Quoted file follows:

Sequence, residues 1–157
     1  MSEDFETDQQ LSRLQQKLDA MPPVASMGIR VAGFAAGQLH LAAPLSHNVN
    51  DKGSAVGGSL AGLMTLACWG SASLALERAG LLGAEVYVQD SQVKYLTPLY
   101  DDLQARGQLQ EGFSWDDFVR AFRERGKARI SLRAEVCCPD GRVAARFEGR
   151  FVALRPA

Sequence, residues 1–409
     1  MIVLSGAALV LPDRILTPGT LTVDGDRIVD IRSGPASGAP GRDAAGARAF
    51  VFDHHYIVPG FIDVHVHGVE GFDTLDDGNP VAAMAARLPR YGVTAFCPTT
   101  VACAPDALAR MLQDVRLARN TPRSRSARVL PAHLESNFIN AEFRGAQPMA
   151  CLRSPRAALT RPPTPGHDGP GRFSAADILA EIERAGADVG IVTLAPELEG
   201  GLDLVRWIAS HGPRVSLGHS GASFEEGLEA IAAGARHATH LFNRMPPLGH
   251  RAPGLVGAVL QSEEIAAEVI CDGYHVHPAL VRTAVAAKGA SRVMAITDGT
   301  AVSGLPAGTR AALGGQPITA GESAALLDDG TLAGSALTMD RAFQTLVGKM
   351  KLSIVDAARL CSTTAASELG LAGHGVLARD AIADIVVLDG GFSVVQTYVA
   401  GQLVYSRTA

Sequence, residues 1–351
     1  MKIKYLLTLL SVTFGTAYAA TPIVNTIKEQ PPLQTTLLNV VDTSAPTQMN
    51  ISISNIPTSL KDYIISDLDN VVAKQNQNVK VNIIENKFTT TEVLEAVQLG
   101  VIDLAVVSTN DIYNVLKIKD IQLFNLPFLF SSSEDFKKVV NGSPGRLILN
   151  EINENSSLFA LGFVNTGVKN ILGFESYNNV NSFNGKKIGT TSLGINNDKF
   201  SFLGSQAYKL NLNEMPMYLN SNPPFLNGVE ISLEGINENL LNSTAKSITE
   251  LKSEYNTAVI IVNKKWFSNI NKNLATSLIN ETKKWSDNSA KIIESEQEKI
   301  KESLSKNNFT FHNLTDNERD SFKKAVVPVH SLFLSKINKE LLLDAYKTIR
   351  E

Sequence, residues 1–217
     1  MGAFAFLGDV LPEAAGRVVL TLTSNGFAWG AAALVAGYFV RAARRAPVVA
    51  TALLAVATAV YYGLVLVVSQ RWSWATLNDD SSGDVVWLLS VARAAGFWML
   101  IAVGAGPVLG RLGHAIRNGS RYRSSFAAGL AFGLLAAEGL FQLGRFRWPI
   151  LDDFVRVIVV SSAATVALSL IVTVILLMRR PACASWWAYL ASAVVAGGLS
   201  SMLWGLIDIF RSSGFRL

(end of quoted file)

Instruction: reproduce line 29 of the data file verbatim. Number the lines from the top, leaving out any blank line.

   151  LDDFVRVIVV SSAATVALSL IVTVILLMRR PACASWWAYL ASAVVAGGLS